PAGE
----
6 Strategies to create a stronger, more resilient business
In the current climate, many small businesses are facing unique challenges to continue operating and remain profitable. These six strategies can help you build a stronger base to help you navigate and come through a crisis as a more resilient business.
1.Build short-term cash reserves
If you don’t have cash savings, then you may be able to free up cash within your business to tide you over. There could be machinery you no longer need, or vehicles which could be sold and turned into cash. These could then be leased back when you need them.
Other ways to raise extra working capital: Sell parts of the business
- Liquidate excess inventory or raw materials.
- Re-invest your own capital.
- Refinance against your existing assets.
- Find external investors.
Look closely at the business assets on your balance sheet to see what you don’t need and consider what you can convert into cash without impacting your core business.
2. Strengthen the foundations
Now is the time to make permanent changes to strengthen your business, which are often things you’ve thought of doing but haven’t had the time or didn’t need to do as sales were steady. This includes how your business can operate more cost effectively while maintaining or improving efficiency.
Take time to document every step of your business process to improve your capacity to do more with less. Other ways to be more resilient:
- Diversify into new growth markets (even in times of crisis some businesses will thrive).
- Widen your product or service mix.
- Negotiate new terms with suppliers.
- Amend your policies to collect payments faster.
- Scale back non-essential staff.
- Focus on core business.
There will be several key decisions to make your business stronger, and it’s likely you’ll instinctively know what needs to go and what needs to stay.
3.Maintain your margins
A reduction in gross profit is a key warning sign. Monitor the things that can negatively affect your gross profit margin such as:
- Increases in raw materials or product costs.
- Reduction in profitable sales.
- Waste during production.
- Delinquent payments from customers.
Select the two or three key warning signals that matter to your business and then set up regular monitoring to remedy any decline.
4. Tighten payment collection
An efficient credit control system helps speed up your cash collection and reduces bad debt by limiting how much credit you provide to customers. You could consider other collection options:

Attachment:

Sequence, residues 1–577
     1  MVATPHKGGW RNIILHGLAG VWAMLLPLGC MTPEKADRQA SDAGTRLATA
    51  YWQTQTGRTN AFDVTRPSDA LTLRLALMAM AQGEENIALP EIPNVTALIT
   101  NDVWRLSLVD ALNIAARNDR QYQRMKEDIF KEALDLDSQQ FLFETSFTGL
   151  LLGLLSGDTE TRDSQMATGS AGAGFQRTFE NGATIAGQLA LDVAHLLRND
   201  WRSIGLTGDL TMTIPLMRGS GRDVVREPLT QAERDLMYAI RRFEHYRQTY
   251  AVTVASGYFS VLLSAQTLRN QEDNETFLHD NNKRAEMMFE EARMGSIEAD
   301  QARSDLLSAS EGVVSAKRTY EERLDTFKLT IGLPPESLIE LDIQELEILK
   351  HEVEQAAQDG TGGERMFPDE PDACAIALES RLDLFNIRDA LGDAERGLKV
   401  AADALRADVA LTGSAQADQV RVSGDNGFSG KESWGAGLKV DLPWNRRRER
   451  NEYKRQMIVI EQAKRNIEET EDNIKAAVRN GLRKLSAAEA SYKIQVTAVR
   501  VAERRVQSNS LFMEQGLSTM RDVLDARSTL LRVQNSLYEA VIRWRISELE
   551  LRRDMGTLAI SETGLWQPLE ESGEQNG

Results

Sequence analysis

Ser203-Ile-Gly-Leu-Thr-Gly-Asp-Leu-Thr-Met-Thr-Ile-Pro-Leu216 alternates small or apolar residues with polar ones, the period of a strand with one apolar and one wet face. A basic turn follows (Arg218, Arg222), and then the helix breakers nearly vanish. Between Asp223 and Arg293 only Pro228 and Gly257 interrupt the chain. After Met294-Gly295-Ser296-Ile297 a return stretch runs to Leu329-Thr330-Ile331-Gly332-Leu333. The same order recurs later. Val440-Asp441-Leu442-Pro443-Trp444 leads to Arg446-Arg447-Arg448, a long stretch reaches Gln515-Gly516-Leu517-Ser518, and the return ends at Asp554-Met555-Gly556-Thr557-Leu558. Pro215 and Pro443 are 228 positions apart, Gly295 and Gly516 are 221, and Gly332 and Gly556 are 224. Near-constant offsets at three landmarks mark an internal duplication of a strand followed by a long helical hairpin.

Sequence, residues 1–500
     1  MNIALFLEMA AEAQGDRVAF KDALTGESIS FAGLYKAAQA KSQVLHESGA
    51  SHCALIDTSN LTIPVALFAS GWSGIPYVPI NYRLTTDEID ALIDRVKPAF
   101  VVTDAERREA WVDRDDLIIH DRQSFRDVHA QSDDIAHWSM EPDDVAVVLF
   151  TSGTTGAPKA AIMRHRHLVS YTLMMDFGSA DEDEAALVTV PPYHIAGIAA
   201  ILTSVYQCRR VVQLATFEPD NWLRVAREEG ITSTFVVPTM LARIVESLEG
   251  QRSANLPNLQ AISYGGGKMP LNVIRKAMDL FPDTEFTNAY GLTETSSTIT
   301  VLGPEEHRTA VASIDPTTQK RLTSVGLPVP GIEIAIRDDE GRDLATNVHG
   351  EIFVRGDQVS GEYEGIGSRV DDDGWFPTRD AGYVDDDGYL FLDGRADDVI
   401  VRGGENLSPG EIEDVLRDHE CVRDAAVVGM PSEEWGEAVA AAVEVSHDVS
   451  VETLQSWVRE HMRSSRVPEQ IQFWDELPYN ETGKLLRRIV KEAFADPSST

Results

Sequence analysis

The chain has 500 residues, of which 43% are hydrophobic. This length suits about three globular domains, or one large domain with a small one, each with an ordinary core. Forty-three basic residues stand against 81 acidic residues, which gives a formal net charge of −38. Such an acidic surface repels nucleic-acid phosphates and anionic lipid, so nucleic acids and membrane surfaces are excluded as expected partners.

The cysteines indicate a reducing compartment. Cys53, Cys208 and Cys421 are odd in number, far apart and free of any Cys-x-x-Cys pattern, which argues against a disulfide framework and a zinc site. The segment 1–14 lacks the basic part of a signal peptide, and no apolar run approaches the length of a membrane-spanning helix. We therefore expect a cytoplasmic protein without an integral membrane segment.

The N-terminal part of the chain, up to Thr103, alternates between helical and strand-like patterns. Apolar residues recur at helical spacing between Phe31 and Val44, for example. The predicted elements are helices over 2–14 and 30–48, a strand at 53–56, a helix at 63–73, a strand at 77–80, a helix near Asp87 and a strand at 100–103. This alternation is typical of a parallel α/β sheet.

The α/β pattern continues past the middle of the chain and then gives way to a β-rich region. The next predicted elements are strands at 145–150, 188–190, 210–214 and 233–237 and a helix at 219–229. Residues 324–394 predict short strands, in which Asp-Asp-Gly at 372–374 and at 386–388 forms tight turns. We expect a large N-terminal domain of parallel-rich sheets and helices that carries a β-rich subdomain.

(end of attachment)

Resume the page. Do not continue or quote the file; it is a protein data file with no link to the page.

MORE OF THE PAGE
- Request deposits or progress payments.
- Monitor late payments.
- Set up a process to follow up with debtors.
- Consider charging a low interest rate on late payments.
- Consider a debt collection agency or specialist lawyer in extreme cases.
5. Identify future cash flow
Sketch out cash flow scenarios to identify what your business would look like in the future where sales drop (or cease) over a period of time and develop contingencies in advance. For these scenarios you could consider:
- Costs you will no longer have.
- Impact on gross profit and margin.
- Revenue needed to break even.
- Length of time it takes to recover.
- Tighter controls over inventory.
Each drop in sales will usually have a corresponding fall in variable costs (materials, cost of goods sold), but at some stage you may find it’s not economical to continue with certain products and services if the fixed costs are too high. In these cases, you may have to lower your overall cost base (possibly making staff redundant, move locations, or close less profitable product lines).
With each of the cash flow scenarios, you could outline the actions you may need to take to continue trading now and in the future.
6. Protect your supply chain
It won’t only be your business that’s impacted by a crisis. Outline what may happen to your key suppliers and identify risks to your business if they were suddenly no longer able to deliver. This is especially critical if you have exclusive or hard to replace materials or products as part of your own delivery to customers.
Develop an alternate supplier plan and consider reaching out to these businesses as back-up if your existing supplier can’t deliver.
Your future plans
You may be able to pivot your business to find new revenue streams through finding different customers or markets, developing new products or services, or finding new ways to sell to your customers. Create a plan to implement changes to help bring your business back to positive cash flow and profitability.